If you wanted to own the stock for the long term anyway, you can keep it in your portfolio and wait for its price to appreciate. In the end, you could sell the shares for a profit, recouping your losses on the option.

Risks of Selling Put Options

Before you start selling puts, you need to be aware of the potential risks and drawbacks.

1. Leverage Increases Potential Losses

Options strategies let investors leverage their portfolios, gaining control over a large number of shares at a low price.

Most options contracts involve 100 shares of the underlying stock or ETF but cost much less than 100 shares on their own. Leveraging your portfolio means higher gains when you turn a profit, but also leads to larger losses when your plans fail to pan out.

A $1 change in a stock’s price can equate to $100 in additional losses on a single put option if the buyer exercises it, so it’s important for investors to be prepared for potentially large losses.

2. Margin Calls

One major risk related to the leverage involved in using puts is the risk of a margin call.

If you sell put options but don’t have the funds in your account to cover the cost if the option buyer were to exercise them, your brokerage will want to know you can afford to pay for the shares you’ll need to buy. They’ll keep track of the liability created by the put options you’ve sold.

However, there are limits on how much money a broker will let you borrow. The amount is related to the value of your account.

If the market drops and you wind up with a large potential liability due to puts you’ve sold, your broker might make a margin call, forcing you to put more money in the account to cover your liabilities.

If you can’t come up with the cash to meet the call, your broker may force you to sell other investments, even for a loss, to cover the liability.

3. Limited Potential Profits

When you sell a put, the buyer pays you an option premium. The payment you receive is the maximum profit you can earn from the transaction. Other options strategies and investing strategies have much higher profit potential than selling puts.

Typically, the maximum potential profit from selling a put is much lower than the potential loss if the stock falls to a lower price. Investors need to keep the mix of risk and reward in mind when selling puts.

How to Sell Put Options

If you’ve decided that selling put options is the right strategy for you, the first step is to open a brokerage account. There are many brokerages that offer options trading, so you’ll want to compare factors like the fees they charge and which one has the interface you like the best.

Next, you’ll want to think about the type of security you want to sell puts for. Typically, you can sell puts for stocks and ETFs. You should feel confident that the security you choose is poised to maintain its value or gain value.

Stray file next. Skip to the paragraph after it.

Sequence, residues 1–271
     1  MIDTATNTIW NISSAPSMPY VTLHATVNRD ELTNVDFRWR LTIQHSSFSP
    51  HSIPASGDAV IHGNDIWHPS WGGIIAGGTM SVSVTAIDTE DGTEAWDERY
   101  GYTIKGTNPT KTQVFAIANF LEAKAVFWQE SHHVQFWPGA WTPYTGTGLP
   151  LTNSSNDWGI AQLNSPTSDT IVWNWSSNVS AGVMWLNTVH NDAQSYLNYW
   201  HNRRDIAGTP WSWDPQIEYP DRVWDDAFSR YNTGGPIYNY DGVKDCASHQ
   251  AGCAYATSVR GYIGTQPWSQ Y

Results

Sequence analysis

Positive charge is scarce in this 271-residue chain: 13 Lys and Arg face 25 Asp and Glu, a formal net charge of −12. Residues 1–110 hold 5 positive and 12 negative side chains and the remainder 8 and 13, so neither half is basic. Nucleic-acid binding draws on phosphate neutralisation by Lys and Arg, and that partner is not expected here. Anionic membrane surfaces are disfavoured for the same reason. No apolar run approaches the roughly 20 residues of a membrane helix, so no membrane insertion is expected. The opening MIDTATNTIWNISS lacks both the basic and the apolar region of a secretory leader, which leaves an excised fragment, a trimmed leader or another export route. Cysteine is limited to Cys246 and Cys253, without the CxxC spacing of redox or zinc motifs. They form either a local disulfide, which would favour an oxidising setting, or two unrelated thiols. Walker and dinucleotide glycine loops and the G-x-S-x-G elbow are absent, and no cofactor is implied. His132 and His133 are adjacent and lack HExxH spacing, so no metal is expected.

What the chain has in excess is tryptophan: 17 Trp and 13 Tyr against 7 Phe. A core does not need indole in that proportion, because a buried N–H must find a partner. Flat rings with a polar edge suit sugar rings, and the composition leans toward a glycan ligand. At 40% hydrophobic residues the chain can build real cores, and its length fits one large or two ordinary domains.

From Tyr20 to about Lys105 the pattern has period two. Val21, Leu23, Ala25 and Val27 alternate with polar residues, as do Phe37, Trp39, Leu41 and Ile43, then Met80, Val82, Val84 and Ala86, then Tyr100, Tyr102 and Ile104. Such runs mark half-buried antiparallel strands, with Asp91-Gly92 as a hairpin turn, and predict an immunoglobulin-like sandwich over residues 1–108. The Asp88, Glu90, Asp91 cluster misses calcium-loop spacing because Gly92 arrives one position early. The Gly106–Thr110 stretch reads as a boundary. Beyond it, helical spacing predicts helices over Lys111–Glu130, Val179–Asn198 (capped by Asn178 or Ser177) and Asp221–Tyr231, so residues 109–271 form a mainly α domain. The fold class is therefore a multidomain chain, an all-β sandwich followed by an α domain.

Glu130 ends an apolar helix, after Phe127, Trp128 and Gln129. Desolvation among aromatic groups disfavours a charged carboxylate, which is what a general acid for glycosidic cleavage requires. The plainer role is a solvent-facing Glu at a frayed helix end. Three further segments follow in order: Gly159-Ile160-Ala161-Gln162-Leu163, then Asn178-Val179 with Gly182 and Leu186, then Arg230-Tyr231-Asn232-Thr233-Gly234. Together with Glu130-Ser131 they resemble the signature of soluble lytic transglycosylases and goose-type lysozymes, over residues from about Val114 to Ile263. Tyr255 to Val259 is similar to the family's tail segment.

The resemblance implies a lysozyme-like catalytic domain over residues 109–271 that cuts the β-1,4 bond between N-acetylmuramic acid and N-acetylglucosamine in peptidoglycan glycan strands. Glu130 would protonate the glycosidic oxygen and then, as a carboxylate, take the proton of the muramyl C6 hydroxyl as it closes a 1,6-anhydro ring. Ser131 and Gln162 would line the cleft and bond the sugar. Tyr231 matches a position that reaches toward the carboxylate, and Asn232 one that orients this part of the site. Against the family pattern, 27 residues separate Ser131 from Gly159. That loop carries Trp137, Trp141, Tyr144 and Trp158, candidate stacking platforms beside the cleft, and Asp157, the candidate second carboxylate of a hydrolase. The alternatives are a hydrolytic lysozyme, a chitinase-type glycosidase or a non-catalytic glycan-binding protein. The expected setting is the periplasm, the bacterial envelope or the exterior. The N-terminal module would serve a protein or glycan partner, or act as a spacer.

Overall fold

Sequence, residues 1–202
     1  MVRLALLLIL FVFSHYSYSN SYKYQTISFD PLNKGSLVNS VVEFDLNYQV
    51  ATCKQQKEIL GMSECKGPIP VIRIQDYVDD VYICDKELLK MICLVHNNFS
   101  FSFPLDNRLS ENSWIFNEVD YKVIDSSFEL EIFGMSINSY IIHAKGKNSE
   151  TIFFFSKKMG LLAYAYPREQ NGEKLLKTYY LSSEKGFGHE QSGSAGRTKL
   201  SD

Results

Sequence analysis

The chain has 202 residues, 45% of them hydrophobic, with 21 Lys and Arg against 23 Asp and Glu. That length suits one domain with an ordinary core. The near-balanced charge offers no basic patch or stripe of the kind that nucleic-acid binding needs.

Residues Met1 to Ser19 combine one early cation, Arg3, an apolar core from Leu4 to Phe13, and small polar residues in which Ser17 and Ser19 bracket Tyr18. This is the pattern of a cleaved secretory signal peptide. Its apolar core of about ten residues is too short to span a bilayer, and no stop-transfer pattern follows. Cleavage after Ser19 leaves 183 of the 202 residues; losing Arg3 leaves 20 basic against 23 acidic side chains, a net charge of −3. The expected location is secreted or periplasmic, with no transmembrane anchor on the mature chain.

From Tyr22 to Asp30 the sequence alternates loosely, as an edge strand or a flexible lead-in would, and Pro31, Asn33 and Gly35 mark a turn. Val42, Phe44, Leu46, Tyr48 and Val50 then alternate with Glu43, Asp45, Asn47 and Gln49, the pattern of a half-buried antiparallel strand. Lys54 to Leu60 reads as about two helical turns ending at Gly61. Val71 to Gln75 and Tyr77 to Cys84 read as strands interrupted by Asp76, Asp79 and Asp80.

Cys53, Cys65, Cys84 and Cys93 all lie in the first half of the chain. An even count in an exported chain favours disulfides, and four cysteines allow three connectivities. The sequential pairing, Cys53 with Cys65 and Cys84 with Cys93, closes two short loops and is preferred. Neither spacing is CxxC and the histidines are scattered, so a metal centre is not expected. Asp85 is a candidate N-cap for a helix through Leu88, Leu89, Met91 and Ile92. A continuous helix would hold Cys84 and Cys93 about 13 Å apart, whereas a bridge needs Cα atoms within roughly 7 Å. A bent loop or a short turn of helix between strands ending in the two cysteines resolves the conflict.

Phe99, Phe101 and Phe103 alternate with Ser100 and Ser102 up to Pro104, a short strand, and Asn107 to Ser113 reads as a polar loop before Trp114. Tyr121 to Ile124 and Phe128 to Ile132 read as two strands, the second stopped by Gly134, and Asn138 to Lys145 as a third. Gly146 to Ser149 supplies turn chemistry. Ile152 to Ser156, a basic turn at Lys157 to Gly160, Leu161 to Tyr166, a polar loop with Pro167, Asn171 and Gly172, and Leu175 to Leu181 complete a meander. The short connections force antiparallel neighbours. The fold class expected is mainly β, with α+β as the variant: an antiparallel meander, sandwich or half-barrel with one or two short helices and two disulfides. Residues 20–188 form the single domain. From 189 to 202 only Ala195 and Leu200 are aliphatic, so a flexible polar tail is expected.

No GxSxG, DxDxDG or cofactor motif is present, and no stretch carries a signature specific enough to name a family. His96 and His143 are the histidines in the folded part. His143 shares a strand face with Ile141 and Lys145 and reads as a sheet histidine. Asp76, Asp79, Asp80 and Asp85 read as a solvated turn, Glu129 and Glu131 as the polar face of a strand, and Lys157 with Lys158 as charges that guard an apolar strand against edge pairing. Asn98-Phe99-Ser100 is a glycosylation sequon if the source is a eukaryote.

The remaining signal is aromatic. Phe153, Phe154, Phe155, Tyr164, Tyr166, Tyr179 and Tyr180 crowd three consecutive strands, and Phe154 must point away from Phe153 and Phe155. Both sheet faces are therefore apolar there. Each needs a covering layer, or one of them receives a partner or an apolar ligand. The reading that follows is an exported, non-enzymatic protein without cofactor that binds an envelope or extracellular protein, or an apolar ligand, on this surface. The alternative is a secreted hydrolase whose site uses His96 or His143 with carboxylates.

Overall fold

Remember that you profit when the price of the security rises or stays the same and lose money when it falls below the strike price of the option.

In general, selling puts on securities experiencing more volatility will let you command higher premiums and therefore higher potential profits.

Once you’ve chosen a security, it’s time to choose the strike price and expiration date for your option. Generally, you can charge higher premiums for higher strike prices and expiration dates further into the future.

The higher the strike price of the option, the less the stock’s value has to drop for the buyer to profit.

Similarly, the more time between the sale and the expiration date of the option, the more time there is for the stock price to fall below the strike price. Put sellers are compensated for these increased risks through higher premiums.

Once you’ve chosen a security, strike price, and expiration date, you can place the sell order through your brokerage account.

Example of Profit and Loss From a Put Option

When you sell a put, you earn a profit (your collected premium payment) when the price of the underlying asset remains at or above the strike price of the option.

For example, if it is February 1 and XYZ is trading at $50, you may sell a put option with a strike price of $40 and an expiration date of June 30. Imagine you receive a premium payment of $85 for selling this put.

If the price of the stock remains above $40, you’ll earn a profit of $85, equal to the premium you received. Your profit does not change no matter how high the stock’s price rises.

If the stock price falls below $40 and the option holder exercises the option, you’ll lose $1 for each penny the stock drops below $40. Remember, each option covers 100 shares of XYZ, so a difference of one penny in the stock price means losing 100 pennies, or $1.

Recall the formula for calculating profit or loss when a put you sell is exercised:

((market price – strike price) * 100) + premium received = profit or loss

If the stock falls to $39, you’ll have to pay $40 per share when the option is exercised and can sell the shares on the open market for a loss of $100. Your overall loss is:

($39 – $40) * 100 + $85 = -$15

If the stock falls to $35, you’ll lose:

($35 – $40) * 100 + $85 = -$415

The more the share price decreases below the strike price, the greater your losses will be.


Is Selling Puts Safe?

As far as options strategies go, selling puts is relatively safe, but it is not the safest options strategy. The losses can be significant given the amount of leverage inherent in options, but there is no possibility of theoretically infinite loss.

Is Selling Puts a Bullish or Bearish Strategy?

Selling puts is a bullish strategy because you earn a profit if a stock’s price remains high and lose money when the price falls.

Are Puts or Calls More Profitable?

Whether calls or puts produce a greater profit depends on the performance of the underlying security and the exact option you sell. There isn’t a single answer to whether you’ll earn more from puts or calls.

Final Word

Options offer investors a way to leverage their portfolio and profit from situations where simply owning shares in a company wouldn’t help them make money.

While selling puts is a relatively simple strategy, there are safer options, such as selling covered calls, for those who want to produce income from their portfolio. If you’re interested in trading options, starting with these less risky strategies is one of the best ways to learn.


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TJ is a Boston-based writer who focuses on credit cards, credit, and bank accounts. When he's not writing about all things personal finance, he enjoys cooking, esports, soccer, hockey, and games of the video and board varieties.